The prior art also includes the ability to divide a reference signal by M before it is input to the phase detector at a comparison frequency Fc. This is done because the best frequencies for building good reference clocks (e.g.: 3 to 5 MHz for crystals) are often not the best frequencies for comparison Fc. Thus an M divider is often used to divide down from the best Fref frequency to the chosen Fc ; but it is fixed at one value--or ocassionally two--, when two different Fc 's are to be provided. Thus even if the prior art apparatus allowed M to be programmed, said programming was done just once, and not updated for each new requested Fout. To improve the frequency resolution of such prior art synthesizers, the designer must decrease Fc, but many important characteristics such as speed of lock, noise rejection (especially microphonics), Fc spur rejection, and so on limit the amount by which Fc can be reduced. This same kind of tradeoff exists even in the present invention, but the teaching of this invention makes the tradeoff much less strict

Other prior art combines a single PLL and a variable timebase. This may take any of several forms. First, a single PLL may be driven by a direct digital synthesizer (DDS) subsystem used as a variable timebase, wherein the PLL becomes a "course" loop, while the DDS forms a "fine" source. The DDS is called on to "fill in the steps" between the "course" steps of the PLL. Such art has become more popular, but it still is expensive and still has inherent noise problems. Another version uses a PLL driven by a variable clock consisting of a crystal oscillator that is "pulled" by a small amount, again to effectively fill in between the "course" steps of the final loop. Though this latter technique is less expensive and does not have the noise problems of the DDS technique, it does have at least three problems of its own: First, the output is now based not on a high quality stable source, but rather on a "pulled" crystal, so overall accuracy and stability are compromised. Second, an "external timebase in" cannot be used, because the "pulled" crystal is not locked to anything. Third, an "internal timebase out" cannot be provided, because none exists; the "pulled" crystal signal is of little value to a user, because it is not constant or at a "standard" frequency. And even if a user just used it relative to the overall synthesizers output, said overall output would then fall back to only having "course" resolution relative to the (variable) timebase out.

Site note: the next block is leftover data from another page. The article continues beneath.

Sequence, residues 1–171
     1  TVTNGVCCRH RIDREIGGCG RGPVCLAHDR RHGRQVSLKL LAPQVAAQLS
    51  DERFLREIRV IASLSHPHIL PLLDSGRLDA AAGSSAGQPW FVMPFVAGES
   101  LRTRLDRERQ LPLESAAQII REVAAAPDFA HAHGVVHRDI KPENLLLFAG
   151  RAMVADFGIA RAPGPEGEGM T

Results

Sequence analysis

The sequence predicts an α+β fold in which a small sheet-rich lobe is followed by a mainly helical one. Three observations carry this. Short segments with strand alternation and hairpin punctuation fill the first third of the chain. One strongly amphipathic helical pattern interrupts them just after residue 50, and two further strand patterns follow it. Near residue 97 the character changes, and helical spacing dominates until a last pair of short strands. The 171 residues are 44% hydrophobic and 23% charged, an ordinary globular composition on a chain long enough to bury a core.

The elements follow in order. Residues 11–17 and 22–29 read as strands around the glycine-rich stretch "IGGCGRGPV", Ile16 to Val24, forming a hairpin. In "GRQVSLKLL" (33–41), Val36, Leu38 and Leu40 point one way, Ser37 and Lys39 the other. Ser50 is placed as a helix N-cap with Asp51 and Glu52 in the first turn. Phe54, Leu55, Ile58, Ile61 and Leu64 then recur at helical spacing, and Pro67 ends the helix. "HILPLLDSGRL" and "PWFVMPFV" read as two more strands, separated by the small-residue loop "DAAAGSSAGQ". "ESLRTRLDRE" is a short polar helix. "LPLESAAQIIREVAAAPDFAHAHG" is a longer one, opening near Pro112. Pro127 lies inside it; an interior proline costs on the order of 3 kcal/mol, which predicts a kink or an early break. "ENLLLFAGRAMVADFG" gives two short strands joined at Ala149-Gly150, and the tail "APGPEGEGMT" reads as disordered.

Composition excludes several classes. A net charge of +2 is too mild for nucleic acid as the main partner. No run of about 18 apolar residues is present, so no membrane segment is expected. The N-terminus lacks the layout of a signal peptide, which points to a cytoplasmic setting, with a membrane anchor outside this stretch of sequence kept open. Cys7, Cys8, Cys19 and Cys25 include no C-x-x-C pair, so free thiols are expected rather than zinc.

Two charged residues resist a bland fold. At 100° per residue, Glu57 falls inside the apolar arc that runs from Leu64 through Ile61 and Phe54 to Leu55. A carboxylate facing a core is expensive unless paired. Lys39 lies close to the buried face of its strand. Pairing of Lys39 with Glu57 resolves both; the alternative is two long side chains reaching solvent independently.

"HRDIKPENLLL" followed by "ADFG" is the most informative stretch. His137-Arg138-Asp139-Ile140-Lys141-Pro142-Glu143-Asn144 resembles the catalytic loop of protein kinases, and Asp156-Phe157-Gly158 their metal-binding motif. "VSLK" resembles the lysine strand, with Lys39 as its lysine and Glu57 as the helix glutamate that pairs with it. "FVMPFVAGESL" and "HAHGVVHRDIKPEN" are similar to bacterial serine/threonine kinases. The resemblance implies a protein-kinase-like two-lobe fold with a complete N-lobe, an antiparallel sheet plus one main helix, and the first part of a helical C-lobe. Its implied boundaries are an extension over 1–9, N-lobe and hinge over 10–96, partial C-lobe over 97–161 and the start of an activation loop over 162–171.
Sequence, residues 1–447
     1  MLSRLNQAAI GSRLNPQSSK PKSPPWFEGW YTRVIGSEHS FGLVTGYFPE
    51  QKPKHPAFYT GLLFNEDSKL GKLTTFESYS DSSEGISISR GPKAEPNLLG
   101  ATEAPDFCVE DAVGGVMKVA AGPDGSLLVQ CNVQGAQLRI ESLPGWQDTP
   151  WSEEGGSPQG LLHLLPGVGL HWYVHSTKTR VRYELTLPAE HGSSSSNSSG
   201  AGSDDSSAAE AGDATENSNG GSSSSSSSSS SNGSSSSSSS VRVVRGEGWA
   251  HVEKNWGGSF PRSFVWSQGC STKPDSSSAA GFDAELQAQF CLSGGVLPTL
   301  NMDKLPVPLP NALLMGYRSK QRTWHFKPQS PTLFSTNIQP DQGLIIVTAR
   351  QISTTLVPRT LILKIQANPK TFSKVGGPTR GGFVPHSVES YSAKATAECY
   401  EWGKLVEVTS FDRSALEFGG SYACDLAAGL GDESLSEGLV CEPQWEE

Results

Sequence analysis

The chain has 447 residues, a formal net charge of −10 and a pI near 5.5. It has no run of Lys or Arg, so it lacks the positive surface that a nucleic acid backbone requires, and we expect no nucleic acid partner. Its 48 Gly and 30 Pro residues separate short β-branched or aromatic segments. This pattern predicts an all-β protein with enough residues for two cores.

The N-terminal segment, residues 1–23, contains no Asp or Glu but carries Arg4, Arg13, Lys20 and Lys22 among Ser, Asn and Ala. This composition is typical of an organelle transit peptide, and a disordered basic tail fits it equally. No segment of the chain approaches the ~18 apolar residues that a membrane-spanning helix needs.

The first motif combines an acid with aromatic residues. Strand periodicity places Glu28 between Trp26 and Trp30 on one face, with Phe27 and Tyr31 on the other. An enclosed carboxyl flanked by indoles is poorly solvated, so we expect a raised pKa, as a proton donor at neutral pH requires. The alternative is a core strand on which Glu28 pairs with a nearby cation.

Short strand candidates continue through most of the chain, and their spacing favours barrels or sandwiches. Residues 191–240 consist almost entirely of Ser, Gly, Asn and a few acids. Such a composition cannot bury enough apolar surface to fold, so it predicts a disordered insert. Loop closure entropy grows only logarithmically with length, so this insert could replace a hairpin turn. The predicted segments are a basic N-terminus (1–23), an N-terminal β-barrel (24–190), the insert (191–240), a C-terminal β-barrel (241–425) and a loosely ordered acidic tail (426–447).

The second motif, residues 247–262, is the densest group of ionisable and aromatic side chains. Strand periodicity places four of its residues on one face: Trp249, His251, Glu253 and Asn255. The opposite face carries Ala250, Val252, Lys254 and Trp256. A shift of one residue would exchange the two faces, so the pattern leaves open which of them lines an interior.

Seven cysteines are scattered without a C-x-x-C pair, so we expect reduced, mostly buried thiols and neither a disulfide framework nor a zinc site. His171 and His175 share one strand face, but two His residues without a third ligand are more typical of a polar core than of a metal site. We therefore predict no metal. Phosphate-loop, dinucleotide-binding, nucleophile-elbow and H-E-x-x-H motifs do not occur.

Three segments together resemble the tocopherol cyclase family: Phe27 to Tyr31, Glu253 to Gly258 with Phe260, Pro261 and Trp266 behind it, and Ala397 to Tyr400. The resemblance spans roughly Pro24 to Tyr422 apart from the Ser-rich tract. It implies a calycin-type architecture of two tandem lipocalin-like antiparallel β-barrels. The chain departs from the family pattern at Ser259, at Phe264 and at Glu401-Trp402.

Another characteristic of prior art variable clocks, is that they must be designed to have their step size constant, or nearly so, whereby the gaps in between the "course" steps can be filled in evenly. The "steps" of the present inventions adjustable timebase are not required to be even, as will be described below.

Additionally, there is prior synthesizer art where the synthesizer produces an output Fout that is a mathematical approximation of the requested frequency. Such prior art, however, does not teach how to make a given approximation better. Several prior art synthesizers do use a "clock pulling" scheme to further improve resolution of Fout, but this does not lead to any better mathematical approximation, rather they attempt to compensate for the errors resulting from their fixed approximations, and they exhibit the drawbacks detailed above.

OBJECTS AND SUMMARY OF THE INVENTION

An object of the invention is to provide a low cost synthesizer that produces a low noise, high resolution signal over a wide frequency range.